LinkedIn is known as the social network for professionals and a great place to find jobs or clients, or to discover new talent.
But did you know that LinkedIn is also a great addition to your PR toolbox?
Here are some ways LinkedIn can boost your PR efforts:
- research journalists before you pitch to them, to discover insights and other background information that will help you make a better pitch
- get introduced to journalists, editors and bloggers
- be discoverable by a different audience than you’re already reaching
- improve your company website’s SEO
- gather intelligence on your market, audience, and competitors
How exactly can you accomplish all this? The key is to know the different parts of LinkedIn and how to leverage them for PR:
Table of Contents
The first key for businesses is to have a company page. Fill it in completely and post to it at least once a week. If you also have a blog, post links to your new blog posts on your company page.
Also, did you know that other LinkedIn users can follow your company page? Make sure you have a “Follow Us” LinkedIn button on your website and blog.
One last thing. Make sure all your employees who are on LinkedIn, connect their profile pages to your company page. The only thing they need to do is to add your company name in their profile page, making sure to use the exact company name that’s on your company page.
Which brings us to….
Your Profile Page
Many of your contacts will discover your company page through your profile page, and that of your employees. So if your profile is incomplete, inaccurate, unprofessional, or worse, not publicly accessible, then you’re missing out.
Journalists could be using LinkedIn to find someone to interview in your industry. Make sure your profile page makes a good impression.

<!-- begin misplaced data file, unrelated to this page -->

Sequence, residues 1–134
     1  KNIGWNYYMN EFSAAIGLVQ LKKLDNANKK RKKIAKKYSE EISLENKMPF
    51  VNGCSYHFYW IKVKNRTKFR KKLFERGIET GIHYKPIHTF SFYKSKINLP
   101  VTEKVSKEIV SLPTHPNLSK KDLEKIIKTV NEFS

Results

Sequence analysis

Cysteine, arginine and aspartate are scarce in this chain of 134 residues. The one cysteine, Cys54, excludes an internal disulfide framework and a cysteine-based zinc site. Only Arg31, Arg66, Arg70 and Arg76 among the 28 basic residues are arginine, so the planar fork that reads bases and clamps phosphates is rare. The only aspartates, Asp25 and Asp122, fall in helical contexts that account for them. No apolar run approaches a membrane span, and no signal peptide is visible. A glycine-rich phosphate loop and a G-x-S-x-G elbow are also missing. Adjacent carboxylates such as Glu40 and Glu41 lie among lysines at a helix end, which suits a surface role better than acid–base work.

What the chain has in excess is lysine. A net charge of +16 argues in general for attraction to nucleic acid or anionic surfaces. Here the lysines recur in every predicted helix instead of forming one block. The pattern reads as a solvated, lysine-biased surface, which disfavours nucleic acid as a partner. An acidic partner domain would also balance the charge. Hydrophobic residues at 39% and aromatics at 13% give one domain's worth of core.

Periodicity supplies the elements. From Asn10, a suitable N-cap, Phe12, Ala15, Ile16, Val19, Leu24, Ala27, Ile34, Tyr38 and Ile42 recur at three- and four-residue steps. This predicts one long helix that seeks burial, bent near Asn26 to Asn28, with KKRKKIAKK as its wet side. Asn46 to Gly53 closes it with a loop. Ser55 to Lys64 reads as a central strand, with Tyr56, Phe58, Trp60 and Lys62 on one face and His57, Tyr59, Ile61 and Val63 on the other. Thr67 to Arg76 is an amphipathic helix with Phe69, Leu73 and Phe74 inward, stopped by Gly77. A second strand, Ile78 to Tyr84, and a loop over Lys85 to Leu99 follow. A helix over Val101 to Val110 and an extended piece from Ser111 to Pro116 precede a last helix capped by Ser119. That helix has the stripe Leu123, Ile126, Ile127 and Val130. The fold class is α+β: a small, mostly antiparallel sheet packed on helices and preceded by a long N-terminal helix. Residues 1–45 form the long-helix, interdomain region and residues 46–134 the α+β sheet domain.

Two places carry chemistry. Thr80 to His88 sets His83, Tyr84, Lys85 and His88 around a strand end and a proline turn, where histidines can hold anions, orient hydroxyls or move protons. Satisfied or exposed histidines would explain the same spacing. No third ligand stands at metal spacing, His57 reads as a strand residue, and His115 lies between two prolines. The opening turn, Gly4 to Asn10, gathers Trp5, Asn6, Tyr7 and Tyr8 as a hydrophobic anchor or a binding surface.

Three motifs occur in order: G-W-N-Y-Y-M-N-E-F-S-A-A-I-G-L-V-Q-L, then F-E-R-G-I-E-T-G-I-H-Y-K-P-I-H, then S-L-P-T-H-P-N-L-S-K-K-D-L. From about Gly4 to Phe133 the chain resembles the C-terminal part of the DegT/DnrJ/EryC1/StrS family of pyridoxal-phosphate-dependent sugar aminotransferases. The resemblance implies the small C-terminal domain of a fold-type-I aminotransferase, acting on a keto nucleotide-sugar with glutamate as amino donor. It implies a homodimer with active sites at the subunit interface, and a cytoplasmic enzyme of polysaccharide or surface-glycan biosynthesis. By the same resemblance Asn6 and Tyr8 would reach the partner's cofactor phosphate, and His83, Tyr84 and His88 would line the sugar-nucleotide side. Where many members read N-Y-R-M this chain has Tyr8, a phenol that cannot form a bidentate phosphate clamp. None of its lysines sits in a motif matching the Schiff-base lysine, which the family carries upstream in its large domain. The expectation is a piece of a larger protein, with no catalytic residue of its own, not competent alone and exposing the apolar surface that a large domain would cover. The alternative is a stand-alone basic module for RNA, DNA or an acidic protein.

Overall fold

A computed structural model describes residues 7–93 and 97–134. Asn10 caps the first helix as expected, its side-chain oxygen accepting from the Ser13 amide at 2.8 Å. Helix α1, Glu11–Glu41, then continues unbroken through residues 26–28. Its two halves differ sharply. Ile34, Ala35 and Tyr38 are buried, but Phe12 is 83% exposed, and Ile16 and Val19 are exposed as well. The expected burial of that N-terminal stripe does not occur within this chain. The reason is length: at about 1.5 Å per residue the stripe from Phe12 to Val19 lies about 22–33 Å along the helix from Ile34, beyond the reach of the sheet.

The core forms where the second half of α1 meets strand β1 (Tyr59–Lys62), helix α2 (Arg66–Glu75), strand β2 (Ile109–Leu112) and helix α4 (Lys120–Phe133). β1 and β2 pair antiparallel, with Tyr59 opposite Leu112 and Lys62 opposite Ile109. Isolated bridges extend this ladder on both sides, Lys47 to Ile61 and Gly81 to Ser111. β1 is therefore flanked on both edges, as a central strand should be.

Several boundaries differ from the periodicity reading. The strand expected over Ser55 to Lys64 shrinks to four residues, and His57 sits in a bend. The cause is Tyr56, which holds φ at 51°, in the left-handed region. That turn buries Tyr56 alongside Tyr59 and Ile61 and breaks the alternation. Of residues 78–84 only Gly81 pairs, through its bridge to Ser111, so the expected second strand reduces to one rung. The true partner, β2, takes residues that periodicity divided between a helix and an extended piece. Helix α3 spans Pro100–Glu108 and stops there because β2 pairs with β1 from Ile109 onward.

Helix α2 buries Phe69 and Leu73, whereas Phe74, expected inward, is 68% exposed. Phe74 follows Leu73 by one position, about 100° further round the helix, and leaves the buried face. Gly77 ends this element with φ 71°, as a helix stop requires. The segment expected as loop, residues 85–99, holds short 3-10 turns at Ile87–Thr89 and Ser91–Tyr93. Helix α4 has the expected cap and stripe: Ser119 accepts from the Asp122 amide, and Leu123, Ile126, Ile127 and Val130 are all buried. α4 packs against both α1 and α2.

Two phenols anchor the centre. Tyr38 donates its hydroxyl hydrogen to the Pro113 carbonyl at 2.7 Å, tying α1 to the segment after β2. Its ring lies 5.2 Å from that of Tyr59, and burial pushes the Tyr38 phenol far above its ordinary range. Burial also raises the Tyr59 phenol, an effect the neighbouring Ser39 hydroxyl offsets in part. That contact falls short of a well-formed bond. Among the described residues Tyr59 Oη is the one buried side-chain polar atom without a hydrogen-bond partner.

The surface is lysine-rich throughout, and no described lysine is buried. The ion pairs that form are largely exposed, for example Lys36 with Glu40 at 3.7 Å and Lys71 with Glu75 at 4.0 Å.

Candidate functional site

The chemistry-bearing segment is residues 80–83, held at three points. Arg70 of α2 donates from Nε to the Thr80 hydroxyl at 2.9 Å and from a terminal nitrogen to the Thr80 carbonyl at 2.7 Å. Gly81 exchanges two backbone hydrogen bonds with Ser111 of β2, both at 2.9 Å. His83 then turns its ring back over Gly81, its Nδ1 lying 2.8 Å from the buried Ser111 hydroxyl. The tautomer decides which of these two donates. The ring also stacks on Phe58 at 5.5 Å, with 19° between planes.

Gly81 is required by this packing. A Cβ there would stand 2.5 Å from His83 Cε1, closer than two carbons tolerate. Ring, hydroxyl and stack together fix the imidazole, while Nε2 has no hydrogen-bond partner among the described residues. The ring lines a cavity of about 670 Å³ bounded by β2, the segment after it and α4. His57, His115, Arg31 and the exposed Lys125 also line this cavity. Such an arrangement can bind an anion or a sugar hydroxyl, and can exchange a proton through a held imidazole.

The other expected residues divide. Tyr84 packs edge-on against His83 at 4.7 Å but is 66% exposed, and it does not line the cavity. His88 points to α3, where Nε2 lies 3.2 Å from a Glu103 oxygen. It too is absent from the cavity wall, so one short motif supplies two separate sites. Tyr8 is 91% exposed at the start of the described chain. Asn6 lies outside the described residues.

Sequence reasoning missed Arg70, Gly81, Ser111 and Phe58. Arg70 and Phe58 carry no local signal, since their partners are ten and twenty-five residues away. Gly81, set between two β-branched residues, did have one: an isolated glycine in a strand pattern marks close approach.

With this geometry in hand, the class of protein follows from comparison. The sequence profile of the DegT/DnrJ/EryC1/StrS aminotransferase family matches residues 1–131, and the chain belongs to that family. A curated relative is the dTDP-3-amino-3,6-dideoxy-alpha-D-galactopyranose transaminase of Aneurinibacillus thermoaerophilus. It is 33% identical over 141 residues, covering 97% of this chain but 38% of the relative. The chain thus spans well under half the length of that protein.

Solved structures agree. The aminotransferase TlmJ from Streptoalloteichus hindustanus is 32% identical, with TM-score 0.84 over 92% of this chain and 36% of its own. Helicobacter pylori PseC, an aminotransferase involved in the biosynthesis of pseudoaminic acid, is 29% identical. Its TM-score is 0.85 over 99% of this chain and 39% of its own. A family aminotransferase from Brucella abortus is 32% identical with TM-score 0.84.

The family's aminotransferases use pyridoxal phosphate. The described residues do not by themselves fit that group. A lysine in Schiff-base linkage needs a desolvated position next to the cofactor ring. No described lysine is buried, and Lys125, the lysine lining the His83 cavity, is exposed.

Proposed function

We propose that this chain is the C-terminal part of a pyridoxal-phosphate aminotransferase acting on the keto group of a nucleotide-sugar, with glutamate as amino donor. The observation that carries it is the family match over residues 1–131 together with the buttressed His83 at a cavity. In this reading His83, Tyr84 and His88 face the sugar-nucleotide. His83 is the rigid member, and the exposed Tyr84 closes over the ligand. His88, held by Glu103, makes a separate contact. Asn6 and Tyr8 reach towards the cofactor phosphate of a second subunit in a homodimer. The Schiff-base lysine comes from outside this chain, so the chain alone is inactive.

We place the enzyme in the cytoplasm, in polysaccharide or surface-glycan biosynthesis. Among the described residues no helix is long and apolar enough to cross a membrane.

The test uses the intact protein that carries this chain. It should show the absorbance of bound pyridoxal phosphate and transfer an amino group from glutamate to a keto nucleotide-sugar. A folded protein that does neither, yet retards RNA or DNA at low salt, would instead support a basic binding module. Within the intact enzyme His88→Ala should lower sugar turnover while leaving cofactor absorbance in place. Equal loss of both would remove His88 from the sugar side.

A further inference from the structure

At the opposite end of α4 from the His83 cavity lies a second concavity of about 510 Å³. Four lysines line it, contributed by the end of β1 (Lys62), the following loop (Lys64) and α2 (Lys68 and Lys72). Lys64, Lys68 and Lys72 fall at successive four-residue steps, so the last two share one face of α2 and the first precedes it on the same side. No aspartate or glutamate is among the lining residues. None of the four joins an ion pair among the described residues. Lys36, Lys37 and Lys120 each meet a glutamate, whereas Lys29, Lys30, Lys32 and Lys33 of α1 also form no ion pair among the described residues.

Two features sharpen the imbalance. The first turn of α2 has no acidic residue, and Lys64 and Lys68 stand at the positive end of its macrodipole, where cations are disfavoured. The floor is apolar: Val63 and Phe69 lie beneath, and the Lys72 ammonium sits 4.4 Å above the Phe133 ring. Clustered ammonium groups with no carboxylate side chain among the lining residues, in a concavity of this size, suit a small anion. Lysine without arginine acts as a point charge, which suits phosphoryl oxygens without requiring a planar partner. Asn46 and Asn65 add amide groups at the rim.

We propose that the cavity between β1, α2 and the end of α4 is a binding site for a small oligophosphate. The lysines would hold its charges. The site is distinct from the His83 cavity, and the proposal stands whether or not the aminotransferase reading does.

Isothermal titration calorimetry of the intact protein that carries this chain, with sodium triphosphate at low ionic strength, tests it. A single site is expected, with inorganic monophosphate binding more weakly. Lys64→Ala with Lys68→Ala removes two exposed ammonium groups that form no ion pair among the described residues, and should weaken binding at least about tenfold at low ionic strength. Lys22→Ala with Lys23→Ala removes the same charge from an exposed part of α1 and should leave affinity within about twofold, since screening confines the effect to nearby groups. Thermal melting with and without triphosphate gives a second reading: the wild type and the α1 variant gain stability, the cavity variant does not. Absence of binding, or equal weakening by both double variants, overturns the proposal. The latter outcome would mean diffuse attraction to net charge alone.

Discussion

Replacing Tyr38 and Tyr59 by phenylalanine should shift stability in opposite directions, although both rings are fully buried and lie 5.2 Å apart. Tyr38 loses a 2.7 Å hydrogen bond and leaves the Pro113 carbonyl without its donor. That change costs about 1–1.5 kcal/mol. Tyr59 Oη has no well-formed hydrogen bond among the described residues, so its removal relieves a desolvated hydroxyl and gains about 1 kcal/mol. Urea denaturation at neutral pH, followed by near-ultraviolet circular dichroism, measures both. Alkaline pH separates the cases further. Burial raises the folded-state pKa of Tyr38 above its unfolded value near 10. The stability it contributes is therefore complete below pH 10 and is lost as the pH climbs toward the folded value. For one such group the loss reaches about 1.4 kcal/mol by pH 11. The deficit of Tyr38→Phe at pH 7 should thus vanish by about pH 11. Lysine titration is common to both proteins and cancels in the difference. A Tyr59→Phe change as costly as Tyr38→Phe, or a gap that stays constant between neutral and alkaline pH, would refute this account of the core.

Speaking of profiles, how are the LinkedIn profiles of your employees? If they’re connecting their profile pages to your company page (and they should), they are ambassadors of your company. Give them the tools to create professional-looking LinkedIn profiles.
If you want to be connected to a certain journalist, see how the two of you are connected. You can ask one (or more) of your connections to introduce you, so you’re not coming out of the dark.
LinkedIn groups are a great source of information, advice, ideas, and new connections. Join groups in your industry to find out what your market wants, or what your competitors are up to. You can also join groups for other PR professionals. You could even lurk in journalists’ groups just to see what they’re interested in nowadays.
Post answers to questions about your product or industry. This will display your expertise.
You can also post questions yourself, as part of your market research.
Whether they’re on your personal profile or company page, recommendations give social proof of your and your company’s credibility. Would you rather work with an individual with 500+ connections but no recommendations? Or someone with 300 connections and 30 recommendations? Get more recommendations by giving them out first.
You can also ask some of your best customers to post recommendations on your products in your company page. If they’ve already given you a written testimonial to use in your marketing materials, encourage them to post the same testimonial on your company page. This saves them the effort of having to write another testimonial.
Don’t overlook your ability to post updates from your LinkedIn home page and your company page. This may seem like yet another piece of content to create, but remember that updates from your home page can be synchronized with your Twitter, Facebook and Google+ accounts, and vice versa. Although, it’s still better to post unique updates just for your LinkedIn contacts.
Updates from your company page are visible to those who follow your company, so choose updates that are about your product or company. And don’t forget links to your latest blog posts.
Scratching the Surface
As you can see, LinkedIn offers many opportunities for businesses to improve their online presence, reach out to new audiences, and support their PR efforts.
How have you been using LinkedIn, and how can you better use it for PR? Share your experiences and/or plans with me below. Or connect with me on Twitter or Facebook.